Plan dropped to move business into former Jeannette hospital
A developer has dropped a plan to relocate part of his debt-collection business into the former Jeannette District Memorial Hospital, the company's CEO said.
“The decision was purely financial,” said Douglas Jacobsen of JH Capital, based in St. Louis. “Costs just skyrocketed.
“The cost just to do my due diligence was $35,000,” he said. “I'm more than $100,000 over my budget just to figure it out.”
Excela Health System owns the former hospital, which it closed in 2011. Officials hoped redevelopment of the facility, along with demolition of the former Monsour Medical Center along Route 30 and development of the former Jeannette Glass property, would help the city's financial recovery.
But Jacobsen said the deteriorated condition of the building made a renovation impossible.
“The mold was worse than we expected,” he said. “We couldn't go into the building without space suits and breathing gear. The reality is that not even our hazmat specialists thought the mold was that bad.”
City attorney Scott Avolio said council should consider citing Excela for code violations. Michael Busch, chief operating officer of the health system, said that would be “unfortunate.”
“To start pounding us with code violations, I'm not sure that's the right thing to do,” he said. “The city needs to approach us as partners, not as an antagonist.”
The decision is a setback for Jeannette, which will lose out on much-needed revenue from property taxes and earned income tax from employees who would work at Jacobsen's company.
The city stands to lose $141,000 in property taxes because of a 2012 decision by the county's Board of Assessment Appeals reducing the tax liability on the property.
JH Capital buys credit card and health care debt, student loans and liens at a discount, then attempts to collect the debt.
It comprises nine companies, employs 320 and operates call centers in St. Paul, Jacksonville and Tampa, according to its website. The company's plan was to locate a call center and training facility in Jeannette, according to city, state and county officials.
Jason Rigone, director of the Westmoreland County Industrial Development Corp., said he hopes to persuade JH Capital to reconsider.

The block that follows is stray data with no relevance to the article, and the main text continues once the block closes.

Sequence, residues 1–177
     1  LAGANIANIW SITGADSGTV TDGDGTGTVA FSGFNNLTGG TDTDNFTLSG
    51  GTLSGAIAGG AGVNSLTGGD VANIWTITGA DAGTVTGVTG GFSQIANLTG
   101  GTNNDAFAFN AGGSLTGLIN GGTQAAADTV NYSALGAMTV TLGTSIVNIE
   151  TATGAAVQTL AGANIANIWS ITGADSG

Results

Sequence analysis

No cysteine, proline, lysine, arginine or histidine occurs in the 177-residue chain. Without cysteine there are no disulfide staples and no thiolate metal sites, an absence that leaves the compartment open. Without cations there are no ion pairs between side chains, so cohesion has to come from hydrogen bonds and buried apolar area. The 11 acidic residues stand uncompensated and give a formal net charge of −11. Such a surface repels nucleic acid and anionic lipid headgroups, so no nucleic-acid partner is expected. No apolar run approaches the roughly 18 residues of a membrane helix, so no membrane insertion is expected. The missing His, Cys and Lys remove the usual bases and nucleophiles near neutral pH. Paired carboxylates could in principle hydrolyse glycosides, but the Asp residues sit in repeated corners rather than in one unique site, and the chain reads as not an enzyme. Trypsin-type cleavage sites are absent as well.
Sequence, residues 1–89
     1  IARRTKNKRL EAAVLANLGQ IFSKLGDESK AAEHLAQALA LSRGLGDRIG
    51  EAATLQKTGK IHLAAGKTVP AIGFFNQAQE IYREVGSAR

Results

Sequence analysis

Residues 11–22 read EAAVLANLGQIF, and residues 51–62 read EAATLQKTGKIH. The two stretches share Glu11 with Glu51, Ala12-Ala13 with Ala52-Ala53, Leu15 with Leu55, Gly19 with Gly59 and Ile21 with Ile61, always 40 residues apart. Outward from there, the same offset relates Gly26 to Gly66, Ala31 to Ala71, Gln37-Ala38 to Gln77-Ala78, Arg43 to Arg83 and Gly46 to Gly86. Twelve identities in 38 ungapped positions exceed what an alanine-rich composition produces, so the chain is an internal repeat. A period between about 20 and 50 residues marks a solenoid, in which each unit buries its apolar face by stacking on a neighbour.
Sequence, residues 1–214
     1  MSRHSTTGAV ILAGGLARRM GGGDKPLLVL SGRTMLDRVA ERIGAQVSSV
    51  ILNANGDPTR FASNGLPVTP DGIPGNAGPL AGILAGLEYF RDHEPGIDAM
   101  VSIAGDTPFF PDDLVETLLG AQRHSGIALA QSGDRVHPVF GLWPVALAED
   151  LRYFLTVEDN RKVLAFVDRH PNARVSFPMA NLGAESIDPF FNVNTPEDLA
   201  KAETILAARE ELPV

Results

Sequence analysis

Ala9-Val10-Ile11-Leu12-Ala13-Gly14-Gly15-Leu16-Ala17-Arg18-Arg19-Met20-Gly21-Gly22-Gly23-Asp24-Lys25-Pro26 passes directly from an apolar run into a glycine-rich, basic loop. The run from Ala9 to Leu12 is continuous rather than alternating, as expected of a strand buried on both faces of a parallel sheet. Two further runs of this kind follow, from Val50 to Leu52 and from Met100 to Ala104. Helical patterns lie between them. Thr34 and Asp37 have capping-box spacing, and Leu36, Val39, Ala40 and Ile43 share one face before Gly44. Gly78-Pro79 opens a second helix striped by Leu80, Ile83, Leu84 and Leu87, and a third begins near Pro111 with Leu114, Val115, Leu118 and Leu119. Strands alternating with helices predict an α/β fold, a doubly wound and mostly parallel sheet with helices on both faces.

“We're still asking JH Capital to keep an open mind about the hospital,” Rigone said. “My understanding is their decision was based on cost and other issues with the building itself. They just couldn't make it work.
“The idea now is locate other options for them,” he said. “There are other options within the city of Jeannette or Westmoreland County. We also have submitted to them a short list of places that we consider potential sites. They want to focus on existing buildings or facilities.”
Jacobsen said he would like to find another location in the city.
“We're going to do our best to stay local,” he said.
Busch said Excela has had inquiries about the property from other developers.
“As long as there is some active interest to repurpose that campus, that's what we want to do,” he said. “We have another party interested in taking a look at it.”
Sen. Kim Ward, R-Hempfield, said JH Capital's decision “was a question of money.”
“It was a business decision on their part,” she said. “I'll keep working to recruit this business to stay in Westmoreland County. I'm really disappointed that Excela wasn't able to work this out.”
Council fears the former hospital will become an eyesore.
“We're not going to have another Monsour,” Mayor Richard Jacobelli said. “That's not going to happen.”
“We need to let Excela know we're not going to allow it to happen,” Councilman Mark Levander said. He said council should put Excela on notice that the site must be maintained.
In 2012, Excela officials said they would tear down the building rather than let it deteriorate further.
“There was a commitment,” Rigone said. “I hope that commitment is still there.”
Richard Gazarik is a staff writer for Trib Total Media. He can be reached at 724-830-6292 or at firstname.lastname@example.org.